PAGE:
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Fake news puts lives at risk

These are historic times, with life as we know it in a state of flux. It is important that people keep abreast of all developments so that they can adhere to lockdown restrictions and keep themselves safe – but to do this, they need to know the difference between real and fake news.

Fake news is based on information that is not correct. It is often created by individuals who want to spread fear and panic, or by people who believe in theories that are not based on any scientific fact. 

The Department of Health’s (DoH) SA Coronavirus website www.sacoronavirus.co.za describes three types of fake news:

  • Disinformation: Information that is false and deliberately created to harm a person, social group, organisation or country.
  • Misinformation: Information that is false but not created to cause harm or mislead readers.
  • Mal-information: Deliberate publication of private information for personal or private interest, as well as the deliberate manipulation of genuine content.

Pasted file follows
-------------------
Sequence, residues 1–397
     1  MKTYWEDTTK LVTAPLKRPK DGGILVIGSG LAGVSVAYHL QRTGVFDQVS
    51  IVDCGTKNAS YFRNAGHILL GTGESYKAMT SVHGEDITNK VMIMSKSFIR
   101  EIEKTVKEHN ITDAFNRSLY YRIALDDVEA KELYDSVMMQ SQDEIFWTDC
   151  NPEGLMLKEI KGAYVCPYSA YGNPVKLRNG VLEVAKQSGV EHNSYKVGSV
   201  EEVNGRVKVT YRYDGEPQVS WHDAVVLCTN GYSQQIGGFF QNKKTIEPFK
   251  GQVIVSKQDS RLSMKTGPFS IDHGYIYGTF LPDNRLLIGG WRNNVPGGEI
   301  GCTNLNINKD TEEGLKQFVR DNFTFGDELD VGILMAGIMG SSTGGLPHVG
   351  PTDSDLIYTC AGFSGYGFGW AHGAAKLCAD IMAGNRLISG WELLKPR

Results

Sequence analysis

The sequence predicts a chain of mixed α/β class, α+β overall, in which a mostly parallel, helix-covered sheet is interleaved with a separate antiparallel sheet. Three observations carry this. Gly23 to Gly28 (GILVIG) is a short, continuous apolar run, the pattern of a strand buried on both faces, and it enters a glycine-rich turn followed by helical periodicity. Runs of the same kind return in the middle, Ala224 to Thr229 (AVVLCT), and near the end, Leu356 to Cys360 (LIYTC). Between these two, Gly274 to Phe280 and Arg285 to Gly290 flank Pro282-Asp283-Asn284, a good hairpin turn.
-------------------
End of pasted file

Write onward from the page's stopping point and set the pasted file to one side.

Fake news can take the form of WhatsApp messages, social media videos or articles on fake news websites. In South Africa, we have seen a rise in the amount of fake news being spread about COVID-19. This has the potential to hamper government’s efforts to slow the spread of infection. 

Identify fake news

The DoH advises that when you receive information about COVID-19, you verify the source of the information. 

If you are able to access the internet, then you should immediately research the information. You should quickly be able to find out whether it is true. 

 In general, you should not trust any information that comes from an ‘anonymous source’. Make sure that you find out if something is factual before sharing it or you could cause unnecessary panic and even get into trouble with the police.

You should not rely on social media and WhatsApp messages for reliable news and advice on COVID-19. Limit yourself to getting information from reliable sources, such as the World Health Organisation and the DoH. This information is based on scientific fact and intense research into COVID-19.    

Government has set up a coronavirus hotline and a WhatsApp portal where you can ask any questions you may have about COVID-19 information. Call 0800 029 999 or send the word ‘Hi’ to 0600 123 456 on WhatsApp.